Currently, we do not know what causes cutaneous T-cell lymphoma (CTCL).3 Research does not suggest that it’s inherited, so you can’t pass the disease on to your children. Nor is CTCL an infectious disease, so you can’t spread it to anyone else.2 No environmental factors, such as chemicals or toxins, have been linked to CTCL.
Is there a cure for cutaneous T-cell lymphoma?
There is currently no cure for CTCL. Therapies applied to the skin, as well as those taken orally or by injection, can reduce symptoms and put some patients with the disease into remission. Research has shown that patients who are diagnosed with CTCL-MF at an early stage of the disease can have a normal life expectancy.14
Who is affected by cutaneous T-cell lymphoma?
Cutaneous T-cell lymphoma most commonly affects older people. The average age at the time of diagnosis is 55 years. Children are rarely affected. For unknown reasons, CTCL occurs roughly twice as often in men as in women. Each year, approximately 1500 people in the United States and 1200 people in Europe are diagnosed with CTCL.3,24 However, because of the difficulties that may arise in diagnosing CTCL, these statistics may not be accurate.
How does the lymphocyte become abnormal?
Most lymphomas begin in a lymphocyte in a lymph node. Damage to the cell's genetic material (DNA) causes the cell to change. This is called a mutation. The abnormal cell divides and grows in an uncontrolled way, resulting in a tumour.3
What is graft-versus-host disease?
Graft-versus-host disease (GVHD) can occur after bone marrow transplantation (BMT) or stem cell transplantation (SCT), which are interventions used to treat cancers like leukaemia and lymphoma that affect blood cells and immune system cells. Graft-versus-host disease occurs when immune cells from the transplant donor attack body cells of the transplant recipient.
There are two types of GVHD. These are acute GVHD (aGVHD) and chronic GVHD (cGVHD). Acute GVHD tends to occur within 100 days of transplant and cGVHD tends to occur 100 days or more after transplant. However, this isn’t always the case, and your doctor will use other factors such as clinical signs and symptoms, and medical tests like tissue biopsy, to diagnose which type of GVHD you have.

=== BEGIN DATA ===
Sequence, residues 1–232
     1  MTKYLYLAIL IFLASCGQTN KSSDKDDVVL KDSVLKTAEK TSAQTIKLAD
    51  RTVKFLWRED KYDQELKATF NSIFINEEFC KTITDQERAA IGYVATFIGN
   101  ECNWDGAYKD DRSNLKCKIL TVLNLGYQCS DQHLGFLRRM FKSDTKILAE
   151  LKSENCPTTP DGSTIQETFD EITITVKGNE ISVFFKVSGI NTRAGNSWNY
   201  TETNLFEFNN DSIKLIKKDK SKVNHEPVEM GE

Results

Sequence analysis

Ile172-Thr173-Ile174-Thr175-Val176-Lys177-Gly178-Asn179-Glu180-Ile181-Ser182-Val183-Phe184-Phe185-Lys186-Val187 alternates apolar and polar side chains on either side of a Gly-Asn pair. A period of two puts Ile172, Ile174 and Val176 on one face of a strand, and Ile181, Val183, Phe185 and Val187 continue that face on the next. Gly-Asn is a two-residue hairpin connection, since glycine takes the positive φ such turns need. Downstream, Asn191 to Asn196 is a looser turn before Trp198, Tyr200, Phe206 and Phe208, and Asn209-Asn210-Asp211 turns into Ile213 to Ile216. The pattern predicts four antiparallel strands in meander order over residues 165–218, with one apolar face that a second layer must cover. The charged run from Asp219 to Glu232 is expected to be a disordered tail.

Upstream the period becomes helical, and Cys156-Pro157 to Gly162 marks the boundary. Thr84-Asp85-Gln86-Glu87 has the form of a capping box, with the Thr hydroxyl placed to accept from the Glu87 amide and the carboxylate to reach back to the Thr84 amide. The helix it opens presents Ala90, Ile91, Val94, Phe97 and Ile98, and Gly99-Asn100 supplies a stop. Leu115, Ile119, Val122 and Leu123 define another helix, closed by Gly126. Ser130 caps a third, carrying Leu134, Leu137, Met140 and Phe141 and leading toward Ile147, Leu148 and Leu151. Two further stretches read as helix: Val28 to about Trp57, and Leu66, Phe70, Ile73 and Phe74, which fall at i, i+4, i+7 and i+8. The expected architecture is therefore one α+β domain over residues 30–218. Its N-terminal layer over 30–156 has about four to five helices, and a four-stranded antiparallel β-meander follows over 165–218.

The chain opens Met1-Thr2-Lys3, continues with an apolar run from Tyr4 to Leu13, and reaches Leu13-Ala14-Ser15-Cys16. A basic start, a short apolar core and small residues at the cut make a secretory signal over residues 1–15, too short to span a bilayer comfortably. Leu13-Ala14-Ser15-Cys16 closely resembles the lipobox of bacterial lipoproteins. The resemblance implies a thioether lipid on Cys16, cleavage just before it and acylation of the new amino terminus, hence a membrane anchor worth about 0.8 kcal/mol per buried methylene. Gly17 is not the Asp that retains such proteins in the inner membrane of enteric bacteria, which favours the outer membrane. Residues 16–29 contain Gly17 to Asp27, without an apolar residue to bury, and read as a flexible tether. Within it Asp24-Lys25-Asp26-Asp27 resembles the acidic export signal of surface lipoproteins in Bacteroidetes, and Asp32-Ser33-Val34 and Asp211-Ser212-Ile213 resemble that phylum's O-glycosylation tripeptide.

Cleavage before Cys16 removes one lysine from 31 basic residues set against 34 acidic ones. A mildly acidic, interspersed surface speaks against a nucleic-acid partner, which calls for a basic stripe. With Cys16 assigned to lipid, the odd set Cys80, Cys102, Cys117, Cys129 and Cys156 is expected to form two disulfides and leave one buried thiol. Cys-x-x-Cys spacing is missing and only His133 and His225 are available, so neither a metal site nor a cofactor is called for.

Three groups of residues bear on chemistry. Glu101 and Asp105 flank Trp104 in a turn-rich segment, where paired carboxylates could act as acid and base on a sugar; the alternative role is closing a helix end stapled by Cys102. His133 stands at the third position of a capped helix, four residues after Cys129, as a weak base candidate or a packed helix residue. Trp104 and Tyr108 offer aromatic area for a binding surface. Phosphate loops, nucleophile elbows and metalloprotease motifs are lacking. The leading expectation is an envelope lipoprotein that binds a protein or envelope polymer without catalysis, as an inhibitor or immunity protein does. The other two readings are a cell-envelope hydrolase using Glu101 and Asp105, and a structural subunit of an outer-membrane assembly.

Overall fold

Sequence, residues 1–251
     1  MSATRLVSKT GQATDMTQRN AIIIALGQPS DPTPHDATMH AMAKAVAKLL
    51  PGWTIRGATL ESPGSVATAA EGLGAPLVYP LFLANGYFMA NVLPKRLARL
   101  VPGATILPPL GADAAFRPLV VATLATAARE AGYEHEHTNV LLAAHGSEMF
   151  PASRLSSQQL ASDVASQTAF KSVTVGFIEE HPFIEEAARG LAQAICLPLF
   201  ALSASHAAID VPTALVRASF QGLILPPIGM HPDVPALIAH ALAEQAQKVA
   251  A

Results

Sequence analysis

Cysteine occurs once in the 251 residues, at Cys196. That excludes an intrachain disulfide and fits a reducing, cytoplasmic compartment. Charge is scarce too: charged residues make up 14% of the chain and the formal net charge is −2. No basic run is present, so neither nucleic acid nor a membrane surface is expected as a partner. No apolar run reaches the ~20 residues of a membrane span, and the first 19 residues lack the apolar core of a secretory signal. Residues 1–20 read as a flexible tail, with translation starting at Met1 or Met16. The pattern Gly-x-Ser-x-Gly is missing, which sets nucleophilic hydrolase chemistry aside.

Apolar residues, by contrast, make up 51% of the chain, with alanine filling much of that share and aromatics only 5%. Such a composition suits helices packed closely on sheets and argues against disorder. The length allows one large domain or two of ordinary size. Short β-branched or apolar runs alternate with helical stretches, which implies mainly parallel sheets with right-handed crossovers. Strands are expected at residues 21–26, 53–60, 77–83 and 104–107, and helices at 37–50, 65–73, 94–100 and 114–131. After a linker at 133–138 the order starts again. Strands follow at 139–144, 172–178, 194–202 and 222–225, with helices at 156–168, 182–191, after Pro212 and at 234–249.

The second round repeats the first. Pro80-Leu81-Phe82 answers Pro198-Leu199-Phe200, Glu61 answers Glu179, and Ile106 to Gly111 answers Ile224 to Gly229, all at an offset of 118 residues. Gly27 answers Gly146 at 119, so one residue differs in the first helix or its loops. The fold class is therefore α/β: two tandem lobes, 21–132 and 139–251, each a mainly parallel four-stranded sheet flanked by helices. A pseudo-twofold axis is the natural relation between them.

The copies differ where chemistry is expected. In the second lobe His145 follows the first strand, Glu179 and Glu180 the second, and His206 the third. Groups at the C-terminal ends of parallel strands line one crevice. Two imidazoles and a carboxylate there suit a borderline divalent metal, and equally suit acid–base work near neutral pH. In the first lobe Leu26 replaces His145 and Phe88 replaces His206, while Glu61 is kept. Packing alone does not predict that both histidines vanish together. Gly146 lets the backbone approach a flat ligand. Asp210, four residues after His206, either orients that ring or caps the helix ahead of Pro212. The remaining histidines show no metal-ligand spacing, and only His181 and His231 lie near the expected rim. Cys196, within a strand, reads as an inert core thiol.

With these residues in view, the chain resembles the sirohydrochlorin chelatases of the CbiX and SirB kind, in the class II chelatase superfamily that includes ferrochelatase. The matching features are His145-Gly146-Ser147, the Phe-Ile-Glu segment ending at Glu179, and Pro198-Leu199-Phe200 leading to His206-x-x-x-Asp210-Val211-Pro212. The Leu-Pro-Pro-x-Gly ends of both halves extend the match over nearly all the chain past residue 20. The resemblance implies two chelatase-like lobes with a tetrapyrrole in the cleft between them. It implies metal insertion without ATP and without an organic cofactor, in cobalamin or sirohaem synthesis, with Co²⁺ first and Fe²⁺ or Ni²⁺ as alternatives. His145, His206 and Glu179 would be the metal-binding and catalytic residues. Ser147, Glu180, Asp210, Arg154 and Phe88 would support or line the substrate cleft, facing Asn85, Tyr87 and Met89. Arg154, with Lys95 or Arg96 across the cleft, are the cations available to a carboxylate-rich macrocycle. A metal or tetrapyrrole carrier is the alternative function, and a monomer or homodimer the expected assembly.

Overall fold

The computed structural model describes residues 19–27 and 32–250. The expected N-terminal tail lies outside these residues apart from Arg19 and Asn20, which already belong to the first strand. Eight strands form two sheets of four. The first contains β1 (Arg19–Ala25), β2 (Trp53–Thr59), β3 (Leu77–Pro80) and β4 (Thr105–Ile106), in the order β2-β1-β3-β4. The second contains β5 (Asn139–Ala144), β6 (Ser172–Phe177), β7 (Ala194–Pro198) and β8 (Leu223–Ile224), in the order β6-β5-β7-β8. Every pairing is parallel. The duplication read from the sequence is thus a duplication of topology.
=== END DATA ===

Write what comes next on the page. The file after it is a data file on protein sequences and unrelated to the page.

What are the symptoms of graft-versus-host disease?
Acute GVHD usually begins with a rash, often on the palms of the hands or soles of the feet. Acute GVHD can also affect the liver and the gut. Chronic GVHD affects multiple organs including the skin (causing a dry, itchy rash, symptoms of sclerodermatous skin?), liver and gut. Chronic GVHD can also affect other areas such as the mouth, eyes, hair, nails and lungs. Both forms of GVHD can range from mild to severe.
Is there a cure for graft-versus-host disease?
Both forms of GVHD can be treated with corticosteroids and immunosuppressive drugs, as well as adjunctive therapies such as photopheresis. Outcomes for both forms of GVHD can result in a complete or partial response to treatment, but in some patients the disease does not respond to treatment. For many people GVHD gradually improves over a period of months, but for some it can last longer and may continue for several years. Chronic GVHD can develop from aGVHD and some symptoms of GVHD may persist even after the disease has been resolved.
What is solid organ transplant rejection?
After the transplantation of a solid organ (such as the heart, liver, lung or kidney) from one person to another, the immune system of the recipient will identify the transplanted organ as a foreign body and attempt to reject the transplant. This complication is managed with the use of immunosuppressive drugs and steroids but, if this is unsuccessful, the result may be solid organ transplant (SOT) rejection.
What are the symptoms of solid organ transplant rejection?
Symptoms of SOT rejection vary depending on the kind of organ transplant that has been carried out. General symptoms can include pain at the site of transplant, general malaise, flu-like symptoms, fever, weight changes, and changes in heart rate. Organ rejection can be acute or chronic, and sometimes acute rejection can lead to chronic rejection. Rejection doesn't mean that the organ will necessarily be lost; it may simply mean that the immunosuppressive medicine needs to be adjusted. Rejection also becomes less likely over time.
Can solid organ transplant rejection be treated?
There are a range of immunosuppressive drugs that can be given to prevent and treat SOT rejection, but photopheresis has also been studied in the prevention of SOT rejection and the treatment of rejection after cardiac transplantation.22,26 Smaller non-randomised research studies and case studies have suggested that there may be a benefit of using photopheresis in the treatment of rejection after lung, liver and renal transplant.27,30 In particular, photopheresis may be of benefit in the treatment of bronchiolitis obliterans syndrome, which can be a complication of lung transplantation.31,32